EDA gives you the opportunity to ask yourself: Is my question already answered after having simply visualized the data? The insights you desire may already exist in your data without ML and can be surfaced using an EDA.
If desired insights exist, then you may not even need to pursue a machine learning solution, you may just need a well-designed dashboard fed with a pipeline of the most up-to-date data. You’ve just saved your organization a ton of time and effort going down an ML rabbit hole when the optimal solution was a much simpler one.
Of course, many times we’ll still need to move forward with that initial machine learning vision, but now you’ll be moving with much more clarity. Visualizing the distributions and relationships across your features can reveal that you may need to do some feature transformation to improve your modelling results. Perhaps taking the logarithm of features that have highly skewed distributions, or taking the ratios between two features in order to develop a more relevant metric, or performing principal component analysis on a set of features that are highly correlated. These actions are all dependent on your dataset, and there’s no better way to determine when a particular action is needed than to actually look at your data.
Exploring your data can also reveal that it doesn’t carry enough signal to bring predictive power. This is when you would look to data augmentation techniques. Adding features to your dataset, whether from elsewhere in the business or from external sources, can bring new information that boosts the power of your ML products.
All of these feature transformations and data augmentation actions can be encoded into a solution like a feature store so that once the actions are explored and finalized, they’ll be performed automatically as new data flows in.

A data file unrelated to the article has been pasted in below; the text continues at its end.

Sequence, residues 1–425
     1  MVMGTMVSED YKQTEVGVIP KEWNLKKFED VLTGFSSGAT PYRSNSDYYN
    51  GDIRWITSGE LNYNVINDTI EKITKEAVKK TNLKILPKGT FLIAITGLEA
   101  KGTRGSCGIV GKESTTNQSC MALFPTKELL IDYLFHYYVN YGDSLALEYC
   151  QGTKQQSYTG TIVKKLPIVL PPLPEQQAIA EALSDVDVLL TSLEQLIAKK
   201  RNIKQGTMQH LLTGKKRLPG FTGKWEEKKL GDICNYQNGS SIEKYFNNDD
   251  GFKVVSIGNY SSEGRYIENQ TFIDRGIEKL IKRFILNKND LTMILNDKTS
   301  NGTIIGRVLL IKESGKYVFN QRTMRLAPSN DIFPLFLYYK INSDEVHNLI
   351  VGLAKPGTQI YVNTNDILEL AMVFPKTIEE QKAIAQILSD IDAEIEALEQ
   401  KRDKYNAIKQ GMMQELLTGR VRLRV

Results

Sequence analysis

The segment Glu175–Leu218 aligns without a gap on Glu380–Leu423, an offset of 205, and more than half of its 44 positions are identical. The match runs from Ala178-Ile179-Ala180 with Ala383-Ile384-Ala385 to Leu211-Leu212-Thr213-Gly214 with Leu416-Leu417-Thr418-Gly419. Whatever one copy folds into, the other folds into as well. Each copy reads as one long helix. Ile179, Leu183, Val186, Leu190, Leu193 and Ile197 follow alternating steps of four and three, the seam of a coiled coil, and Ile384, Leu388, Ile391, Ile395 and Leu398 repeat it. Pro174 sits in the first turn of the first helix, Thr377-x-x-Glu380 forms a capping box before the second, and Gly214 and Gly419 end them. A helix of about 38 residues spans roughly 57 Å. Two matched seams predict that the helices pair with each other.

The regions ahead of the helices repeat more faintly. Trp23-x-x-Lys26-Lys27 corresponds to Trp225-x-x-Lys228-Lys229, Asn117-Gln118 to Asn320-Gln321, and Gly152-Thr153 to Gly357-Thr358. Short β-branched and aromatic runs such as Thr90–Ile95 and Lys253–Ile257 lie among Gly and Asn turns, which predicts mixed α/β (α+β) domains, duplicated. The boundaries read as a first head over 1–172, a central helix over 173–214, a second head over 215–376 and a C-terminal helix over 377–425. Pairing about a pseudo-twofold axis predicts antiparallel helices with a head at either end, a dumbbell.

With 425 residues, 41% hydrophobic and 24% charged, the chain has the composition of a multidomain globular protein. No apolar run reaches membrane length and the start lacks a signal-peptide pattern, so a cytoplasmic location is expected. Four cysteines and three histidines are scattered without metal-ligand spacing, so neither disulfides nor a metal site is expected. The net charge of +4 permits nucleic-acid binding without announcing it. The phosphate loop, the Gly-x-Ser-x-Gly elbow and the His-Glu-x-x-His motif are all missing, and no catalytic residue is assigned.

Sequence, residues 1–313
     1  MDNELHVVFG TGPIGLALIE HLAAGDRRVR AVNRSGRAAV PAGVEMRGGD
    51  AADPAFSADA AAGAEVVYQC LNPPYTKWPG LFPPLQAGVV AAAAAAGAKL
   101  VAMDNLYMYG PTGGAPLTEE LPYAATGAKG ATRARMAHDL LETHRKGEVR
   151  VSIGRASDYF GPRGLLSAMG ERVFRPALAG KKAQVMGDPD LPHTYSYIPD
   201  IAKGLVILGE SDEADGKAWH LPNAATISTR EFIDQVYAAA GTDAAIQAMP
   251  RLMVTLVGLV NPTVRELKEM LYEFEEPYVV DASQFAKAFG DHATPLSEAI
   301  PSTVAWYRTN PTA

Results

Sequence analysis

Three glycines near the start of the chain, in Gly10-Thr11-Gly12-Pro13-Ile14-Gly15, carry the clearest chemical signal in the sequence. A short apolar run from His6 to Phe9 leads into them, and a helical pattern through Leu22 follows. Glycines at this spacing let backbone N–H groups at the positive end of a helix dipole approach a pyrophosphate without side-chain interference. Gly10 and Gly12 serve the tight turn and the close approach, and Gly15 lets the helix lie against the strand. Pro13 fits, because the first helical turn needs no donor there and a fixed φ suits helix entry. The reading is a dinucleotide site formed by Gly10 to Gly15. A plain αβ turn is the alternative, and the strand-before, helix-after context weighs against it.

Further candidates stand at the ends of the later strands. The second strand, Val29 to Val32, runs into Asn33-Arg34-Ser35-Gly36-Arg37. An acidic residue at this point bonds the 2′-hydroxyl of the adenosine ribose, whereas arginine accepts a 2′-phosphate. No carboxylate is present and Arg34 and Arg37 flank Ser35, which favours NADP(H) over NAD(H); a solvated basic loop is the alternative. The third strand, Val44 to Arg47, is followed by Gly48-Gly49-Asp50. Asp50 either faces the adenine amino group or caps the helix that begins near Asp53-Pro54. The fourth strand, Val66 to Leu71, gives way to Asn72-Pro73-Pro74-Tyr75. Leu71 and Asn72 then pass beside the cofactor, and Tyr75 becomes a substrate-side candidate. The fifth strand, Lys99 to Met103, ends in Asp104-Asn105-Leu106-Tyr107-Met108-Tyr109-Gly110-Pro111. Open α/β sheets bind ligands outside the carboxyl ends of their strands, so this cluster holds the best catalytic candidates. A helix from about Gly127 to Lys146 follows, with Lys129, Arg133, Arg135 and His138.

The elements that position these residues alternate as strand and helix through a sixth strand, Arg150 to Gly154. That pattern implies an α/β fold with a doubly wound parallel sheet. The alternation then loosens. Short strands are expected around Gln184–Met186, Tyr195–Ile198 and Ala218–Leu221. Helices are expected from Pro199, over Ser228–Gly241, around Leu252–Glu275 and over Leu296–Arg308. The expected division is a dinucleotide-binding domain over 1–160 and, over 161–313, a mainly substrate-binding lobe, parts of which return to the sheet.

Lastly, a solid Exploratory Data Analysis can actually make the modelling process more focused, and quicker as a result. Remember those visualizations and trends you explored earlier? Those will help determine just how complex of an ML model you’ll need for your product.
Machine learning is a special type of endeavour where bringing in the most powerful tool possible can actually make your product worse. Imagine if having Michael Jordan play on your schoolyard basketball team would almost guarantee you’d lose. That’s the world we find ourselves in with machine learning. A good ML practitioner will tell you that the best model for a product is, a) one that is appropriate for the problem & data at hand, and b) the simplest one for the job. In the spirit of Occam’s Razor — the simplest viable model is usually the best one.
If the trends in your data are linear, you don’t want a complex non-linear model, even if that model is state-of-the-art. If you have a limited volume of data, you’ll want the model with fewer parameters to fit.
Exploring your data will give you insight into the complexity of the relationships in your data, guiding your decision-making process when choosing a set of models to prototype.
Take some time before deployment to actually look at your data. The EDA process will reveal information that will change the way you implement your ML models.
Of equal importance is the attention paid to concerns after the model has been trained. How and where will it be deployed? How frequently will it be updated with new data? Are you monitoring your models for drift? These are some of the considerations that fall under the umbrella of MLOps, and they ensure that our ML products bring real business value over time.
If you’re looking for help with Exploratory Data Analysis or with anything under the MLOps umbrella, get in touch.